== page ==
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the story of: the nightingale


This month, the story that I have the pleasure of sharing is The Nightingale, by Hans Christian Andersen. I've been a fan of his since I was a child watching the Danny Kaye movie (I'm a big fan of his too!). This is a really long story, in fact I was surprised at its length. I'll be sharing my own telling, but I do recommend reading the original.


In the country of China, there lived a great emperor. He had a magnificent palace and a garden as beautiful as anything you could imagine. In the garden there lived a nightingale who sang the most lovely tunes. Whenever people from far or near walked through the garden, they heard the little bird and were delighted. News of the bird spread around the world, but somehow, the emperor and the people around him had never learned about this creature.

One day a book was given to the emperor, and it was all about the nightingale. Immediately the emperor requested to see the bird, but no one knew anything about it. Finally, a kitchen maid spoke up and said that she could take them to hear the beautiful songs that were written of.

The nightingale was brought back to the palace and she sang for the emperor and his court. Her song brought tears to the emperor's eyes. It was the most splendid thing any of them had ever heard, and so the bird was kept in a cage and only brought out to sing whenever they asked.

Then one day, a gift arrived from the Emperor of Japan. It was a small mechanical nightingale, which could be wound up and made to play a song while moving about. Within a short time, it was decided that this fake bird was even better than the real one. After all, it sparkled and they always knew exactly what it would do.

Soon, the real nightingale flew off. No one minded because they were so busy with the mechanical bird. In time, however, the musical toy wore out, and the emperor and his court were so very sad. The emperor was so overcome that he became ill, and soon he was dying.

Death was near, and the emperor's attendants were certain that he would be dead by morning. Gasping for breath, the emperor wished that the mechanical nightingale would sing and comfort him, but instead, he heard the lovely singing of the real nightingale. Looking up, there she was, perched in the window.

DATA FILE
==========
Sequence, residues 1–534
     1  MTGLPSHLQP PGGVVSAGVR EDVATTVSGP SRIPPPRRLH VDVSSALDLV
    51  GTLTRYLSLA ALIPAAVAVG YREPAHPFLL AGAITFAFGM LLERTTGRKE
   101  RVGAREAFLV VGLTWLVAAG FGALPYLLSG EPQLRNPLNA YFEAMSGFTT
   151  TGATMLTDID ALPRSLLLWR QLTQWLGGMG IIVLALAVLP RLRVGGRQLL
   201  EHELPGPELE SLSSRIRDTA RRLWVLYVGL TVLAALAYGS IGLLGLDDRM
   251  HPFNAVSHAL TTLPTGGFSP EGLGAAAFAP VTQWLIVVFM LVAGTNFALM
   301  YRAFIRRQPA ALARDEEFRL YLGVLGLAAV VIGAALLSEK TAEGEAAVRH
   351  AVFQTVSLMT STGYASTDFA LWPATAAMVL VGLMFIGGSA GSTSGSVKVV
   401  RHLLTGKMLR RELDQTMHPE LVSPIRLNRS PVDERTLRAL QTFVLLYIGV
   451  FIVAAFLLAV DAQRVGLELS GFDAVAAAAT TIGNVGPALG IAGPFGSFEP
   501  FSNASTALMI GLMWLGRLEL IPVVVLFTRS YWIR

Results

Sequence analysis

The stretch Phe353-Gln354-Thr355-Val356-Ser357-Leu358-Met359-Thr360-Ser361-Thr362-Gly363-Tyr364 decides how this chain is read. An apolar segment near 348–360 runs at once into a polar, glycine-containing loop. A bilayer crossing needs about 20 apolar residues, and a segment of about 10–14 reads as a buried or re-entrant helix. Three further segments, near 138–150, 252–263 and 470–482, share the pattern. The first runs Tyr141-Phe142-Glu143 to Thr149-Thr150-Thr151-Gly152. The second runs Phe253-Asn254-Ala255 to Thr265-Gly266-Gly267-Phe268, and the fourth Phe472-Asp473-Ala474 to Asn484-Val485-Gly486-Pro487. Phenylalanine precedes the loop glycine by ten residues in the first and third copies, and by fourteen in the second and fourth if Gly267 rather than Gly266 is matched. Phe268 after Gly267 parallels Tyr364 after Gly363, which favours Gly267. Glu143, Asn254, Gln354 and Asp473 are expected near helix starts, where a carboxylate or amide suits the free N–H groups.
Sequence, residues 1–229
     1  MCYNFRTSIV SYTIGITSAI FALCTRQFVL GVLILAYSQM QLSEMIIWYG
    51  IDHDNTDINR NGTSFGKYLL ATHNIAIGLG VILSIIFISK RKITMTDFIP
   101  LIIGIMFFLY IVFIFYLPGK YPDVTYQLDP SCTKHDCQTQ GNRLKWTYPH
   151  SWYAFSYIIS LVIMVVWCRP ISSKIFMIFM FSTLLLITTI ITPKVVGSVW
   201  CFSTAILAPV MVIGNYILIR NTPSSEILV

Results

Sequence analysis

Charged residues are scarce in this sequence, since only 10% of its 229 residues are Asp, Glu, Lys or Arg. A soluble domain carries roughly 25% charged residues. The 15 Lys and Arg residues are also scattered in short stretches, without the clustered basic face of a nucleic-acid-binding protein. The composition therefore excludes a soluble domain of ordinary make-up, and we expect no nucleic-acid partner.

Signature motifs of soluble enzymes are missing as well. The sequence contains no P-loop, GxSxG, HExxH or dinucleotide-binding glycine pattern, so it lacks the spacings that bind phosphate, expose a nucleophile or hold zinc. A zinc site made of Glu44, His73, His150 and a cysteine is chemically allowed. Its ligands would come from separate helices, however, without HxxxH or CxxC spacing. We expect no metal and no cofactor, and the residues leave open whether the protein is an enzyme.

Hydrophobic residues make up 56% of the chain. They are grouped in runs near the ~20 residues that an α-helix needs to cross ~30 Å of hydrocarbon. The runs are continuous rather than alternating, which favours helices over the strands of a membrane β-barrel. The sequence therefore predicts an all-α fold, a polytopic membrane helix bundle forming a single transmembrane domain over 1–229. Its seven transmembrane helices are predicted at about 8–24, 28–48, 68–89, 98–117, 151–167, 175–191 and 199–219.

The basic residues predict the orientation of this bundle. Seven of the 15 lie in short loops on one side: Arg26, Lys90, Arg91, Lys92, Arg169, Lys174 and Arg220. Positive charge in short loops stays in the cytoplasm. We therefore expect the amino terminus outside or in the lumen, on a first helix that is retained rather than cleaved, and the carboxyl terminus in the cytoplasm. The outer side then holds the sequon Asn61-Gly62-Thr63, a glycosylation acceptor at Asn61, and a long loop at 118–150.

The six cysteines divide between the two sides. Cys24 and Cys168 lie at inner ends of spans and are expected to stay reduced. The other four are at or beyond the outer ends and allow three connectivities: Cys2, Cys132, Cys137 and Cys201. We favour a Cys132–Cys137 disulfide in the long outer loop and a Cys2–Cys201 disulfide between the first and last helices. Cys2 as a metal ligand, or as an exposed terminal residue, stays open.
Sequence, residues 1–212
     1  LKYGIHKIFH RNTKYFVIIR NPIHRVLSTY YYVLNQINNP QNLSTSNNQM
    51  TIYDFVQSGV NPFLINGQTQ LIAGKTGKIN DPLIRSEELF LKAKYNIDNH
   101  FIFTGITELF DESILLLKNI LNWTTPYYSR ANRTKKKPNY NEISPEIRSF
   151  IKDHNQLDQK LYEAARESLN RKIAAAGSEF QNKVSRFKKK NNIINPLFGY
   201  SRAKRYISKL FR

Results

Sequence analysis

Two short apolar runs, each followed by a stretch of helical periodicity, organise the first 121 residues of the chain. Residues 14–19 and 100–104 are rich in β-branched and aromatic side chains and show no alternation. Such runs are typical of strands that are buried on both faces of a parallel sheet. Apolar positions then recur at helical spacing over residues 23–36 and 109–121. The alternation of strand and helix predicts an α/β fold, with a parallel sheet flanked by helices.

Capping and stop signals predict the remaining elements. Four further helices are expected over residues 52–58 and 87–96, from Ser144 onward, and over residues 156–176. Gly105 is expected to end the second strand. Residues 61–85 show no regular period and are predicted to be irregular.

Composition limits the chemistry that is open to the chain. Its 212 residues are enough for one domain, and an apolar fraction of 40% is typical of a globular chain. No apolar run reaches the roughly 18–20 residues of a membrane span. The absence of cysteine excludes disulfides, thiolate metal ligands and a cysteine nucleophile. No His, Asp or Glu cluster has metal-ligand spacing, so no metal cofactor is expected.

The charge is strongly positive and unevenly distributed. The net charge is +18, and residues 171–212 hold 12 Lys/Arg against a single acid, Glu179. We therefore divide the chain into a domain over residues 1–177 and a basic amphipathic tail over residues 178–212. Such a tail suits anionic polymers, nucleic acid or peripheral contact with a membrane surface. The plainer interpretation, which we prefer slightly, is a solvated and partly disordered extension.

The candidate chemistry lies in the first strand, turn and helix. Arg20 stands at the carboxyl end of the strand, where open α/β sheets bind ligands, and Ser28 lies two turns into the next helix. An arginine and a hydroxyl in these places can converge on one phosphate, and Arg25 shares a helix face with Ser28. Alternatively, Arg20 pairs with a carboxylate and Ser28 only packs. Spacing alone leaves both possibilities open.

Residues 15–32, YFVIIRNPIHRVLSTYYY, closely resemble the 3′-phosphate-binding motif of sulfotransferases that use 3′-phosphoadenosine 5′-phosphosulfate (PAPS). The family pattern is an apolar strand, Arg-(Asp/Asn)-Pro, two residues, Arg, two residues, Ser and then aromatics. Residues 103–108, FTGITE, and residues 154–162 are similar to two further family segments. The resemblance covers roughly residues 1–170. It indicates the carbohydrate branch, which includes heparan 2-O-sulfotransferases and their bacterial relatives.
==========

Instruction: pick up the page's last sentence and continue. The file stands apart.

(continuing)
The emperor immediately began to feel some relief and offered the little bird anything she wanted. She told him that the tears in his eyes were all the reward she needed, and began to sing to him again. She also requested that she be free to sing when and where she wanted to, and to not be cage again. The emperor, of course, granted the wish.

The next morning, expecting to find him dead, the emperor's attendants came to check in on the emperor. He stood and greeted them with a "Good morning!"

Wow! Even the shortened version is rather long! I hope you made it through, because I think this is such a pretty story. And now let's talk about it! What morsel of truth did you get from this one?

I keep going back to the idea of imitation ideas, verses the real deal, and I'll talk more about that later in the month. But I also think it's interesting that the court preferred the fake because of its predictability. Do you relate to that ever?

4 comments:

  1. I think we all can relate to an extent don’t you? As a society we all go for the more eye catching packaging, faster phones, computer etc. Instead of just appreciating what we have and being thankful. It has been a very big lesson to teach my children you don’t need to always be keeping up with the Jones' so to speak.

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  2. What a lovely story! Thank you for sharing Mollie :) I really enjoyed reading that. I'll add the full version of the story to my "to read" list.

    xoxo
    Janee

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  3. We love this story. We read it when we studied China. What a beautiful tale about finding out what's really important. You can't judge a book by it's cover.

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  4. The bit about the court preferring predictability, oddly enough, made me think of the sorry state of produce in this country that is bred to withstand nationwide shipping and be uniform and "perfect" in appearance, with no thought given to actual flavor at all.

    I recommend Kara Dalkey's retelling of this story, if you can find it (I think it is out of print); she changes the setting to Japan and the bird to a plain young woman who plays the flute. It was part of the Fairy Tale line of novels.

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